`\hline`

`\end{tabular}`

`\end{center}`

`\begin{figure}[t]`

`\begin{center}`

`\begin{minipage}[t]{14cm}`

`\vspace{-1cm}`

`\ForceWidth{1.0\textwidth}`

`\BoxedEPSF{latlon_nh.eps}`

`\end{minipage}`

`\\[-0.5cm]`

`\caption{\it Latitude/longitude grid of the ECMWF P and Z files. For clarity, the grid spacing was reduced to 5 degrees, instead of the 1 degree in the files. Meteorological fields -as for instance`

`temperature, wind vectors, pressure and geopotential- are given at the intersection of the latitude and`

`longitude circles. Note how this grid becomes singular toward the north pole.}`

`\label{latlon}`

`\end{center}`

`\end{figure}`

`\subsubsection{Rotating to a quasi-cartesian co-ordinate system [prep2]}`

`\begin{figure}[t]`

`\begin{center}`

`\begin{minipage}[t]{13cm}`

`\ForceWidth{1.0\textwidth}`

`\BoxedEPSF{local_cart_grid.eps}`

`\end{minipage}`

`\\`

`\caption{\it Local cartesian grid which is centered at the PV streamer's position and which`

`shows much less distortion due to the sphericity of the Earth. The center of the new grid`

`corresponds to the rotated latitude and longitude (0,0). The boundaries are at $-31^\circ$ and`

`$+31^\circ$ rotated longitude, and at $-31^\circ$ and $+31^\circ$ rotated latitude.}`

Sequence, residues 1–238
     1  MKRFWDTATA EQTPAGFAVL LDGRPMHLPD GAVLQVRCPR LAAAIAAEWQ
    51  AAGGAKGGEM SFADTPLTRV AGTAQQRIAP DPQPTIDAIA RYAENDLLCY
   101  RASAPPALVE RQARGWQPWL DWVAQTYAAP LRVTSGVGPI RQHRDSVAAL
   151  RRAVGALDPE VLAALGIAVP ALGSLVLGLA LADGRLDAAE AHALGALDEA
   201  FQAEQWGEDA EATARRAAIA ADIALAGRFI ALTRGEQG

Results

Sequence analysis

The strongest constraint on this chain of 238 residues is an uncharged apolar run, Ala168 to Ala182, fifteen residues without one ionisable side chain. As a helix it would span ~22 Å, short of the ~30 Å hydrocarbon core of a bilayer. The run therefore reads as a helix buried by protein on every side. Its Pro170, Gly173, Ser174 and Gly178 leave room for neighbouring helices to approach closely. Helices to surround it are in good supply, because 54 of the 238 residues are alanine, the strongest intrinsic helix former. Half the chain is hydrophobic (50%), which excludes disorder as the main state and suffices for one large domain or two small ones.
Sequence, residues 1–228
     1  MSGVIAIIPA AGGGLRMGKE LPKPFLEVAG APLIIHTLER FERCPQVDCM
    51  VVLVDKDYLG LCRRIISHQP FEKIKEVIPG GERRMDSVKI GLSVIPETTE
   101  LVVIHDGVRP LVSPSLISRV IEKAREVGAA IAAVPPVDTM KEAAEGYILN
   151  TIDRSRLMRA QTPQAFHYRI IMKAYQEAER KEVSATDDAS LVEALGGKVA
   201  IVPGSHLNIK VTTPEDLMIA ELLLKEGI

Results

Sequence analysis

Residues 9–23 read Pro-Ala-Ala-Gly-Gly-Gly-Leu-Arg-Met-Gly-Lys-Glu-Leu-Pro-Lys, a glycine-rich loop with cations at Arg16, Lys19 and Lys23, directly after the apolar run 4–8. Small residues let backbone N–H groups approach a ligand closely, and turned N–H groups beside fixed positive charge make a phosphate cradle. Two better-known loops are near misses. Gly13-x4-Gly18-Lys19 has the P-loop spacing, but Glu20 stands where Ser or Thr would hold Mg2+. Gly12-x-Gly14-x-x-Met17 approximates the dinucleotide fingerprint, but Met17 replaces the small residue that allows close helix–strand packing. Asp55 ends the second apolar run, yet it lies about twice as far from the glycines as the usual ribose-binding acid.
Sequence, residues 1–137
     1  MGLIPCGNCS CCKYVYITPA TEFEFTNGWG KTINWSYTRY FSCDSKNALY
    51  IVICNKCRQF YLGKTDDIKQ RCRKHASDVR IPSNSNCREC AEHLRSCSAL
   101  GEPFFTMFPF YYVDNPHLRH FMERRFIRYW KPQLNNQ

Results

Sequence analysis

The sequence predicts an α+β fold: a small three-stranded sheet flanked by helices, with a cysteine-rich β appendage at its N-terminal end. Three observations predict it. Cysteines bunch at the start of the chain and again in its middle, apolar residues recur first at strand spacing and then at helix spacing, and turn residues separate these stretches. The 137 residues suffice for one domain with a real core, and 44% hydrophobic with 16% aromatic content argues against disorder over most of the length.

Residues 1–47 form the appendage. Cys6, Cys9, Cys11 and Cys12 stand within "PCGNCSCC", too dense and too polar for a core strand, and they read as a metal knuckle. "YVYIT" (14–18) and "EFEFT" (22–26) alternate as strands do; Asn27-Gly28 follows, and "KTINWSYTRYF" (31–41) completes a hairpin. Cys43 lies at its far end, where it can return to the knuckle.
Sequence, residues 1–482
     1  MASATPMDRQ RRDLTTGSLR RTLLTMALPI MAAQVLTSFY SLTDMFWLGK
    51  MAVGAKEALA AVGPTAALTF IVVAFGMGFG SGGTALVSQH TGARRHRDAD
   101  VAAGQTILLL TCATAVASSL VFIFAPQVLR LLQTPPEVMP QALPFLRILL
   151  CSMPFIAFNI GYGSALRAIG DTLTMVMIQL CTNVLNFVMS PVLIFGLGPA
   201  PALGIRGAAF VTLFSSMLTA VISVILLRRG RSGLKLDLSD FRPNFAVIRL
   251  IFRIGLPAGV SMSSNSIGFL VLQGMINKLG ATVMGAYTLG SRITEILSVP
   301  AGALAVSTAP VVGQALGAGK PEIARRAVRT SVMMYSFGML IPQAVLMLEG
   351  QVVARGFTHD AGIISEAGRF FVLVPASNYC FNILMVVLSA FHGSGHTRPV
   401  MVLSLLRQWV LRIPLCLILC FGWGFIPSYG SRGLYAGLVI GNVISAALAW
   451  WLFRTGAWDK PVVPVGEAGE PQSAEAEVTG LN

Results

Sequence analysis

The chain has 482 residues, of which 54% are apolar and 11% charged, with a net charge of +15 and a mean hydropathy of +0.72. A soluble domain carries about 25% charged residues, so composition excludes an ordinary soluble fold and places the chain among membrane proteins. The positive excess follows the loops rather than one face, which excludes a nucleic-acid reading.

`\label{localcart}`

`\end{center}`

`\end{figure}`

`The input fields are given on a latitude/longitude grid, with -after the previous step- the fields`

`on an equi-distant grid of height levels. The inversion itself assumes a cartesian grid, hence a`

`uniform grid spacing is also assumed in the horizontal directions. This is clearly not the case for the`

`latitude/longitude grid, as illustrated in Fig.\,\ref{latlon}.`

`Due to the sphericity of the Earth, the zonal`

`grid spacing decreases with increasing geographical latitude. As a remedy to this singularity, all`

`input fields are transformed to a "quasi-cartesian" grid with its center on the PV structure of`

`interest. The transformation between the two grids is illustrated in Fig.\,\ref{localcart}. It becomes evident`

`that the grid distortion is significantly reduced by this step. The formula which relates the two`

`grids is based upon the co-ordinate transformation given in the Appendix~A (Fortran subroutines {\em lmstolm} and`

`{\em phstoph}). The geographical latitude/longitude corresponding to a grid point in the rotated (quasi-cartesian) co-ordinate system is obtained in the following way. Firstly, the rotated latitude/longitude $\phi_{rot},\lambda_{rot}$ is transformed into`

`\begin{eqnarray*}`

`\lambda'_{rot} & = & 90+lmstolm(\phi_{rot},\lambda_{rot}-90,90+\alpha,-180) \\[0.2cm]`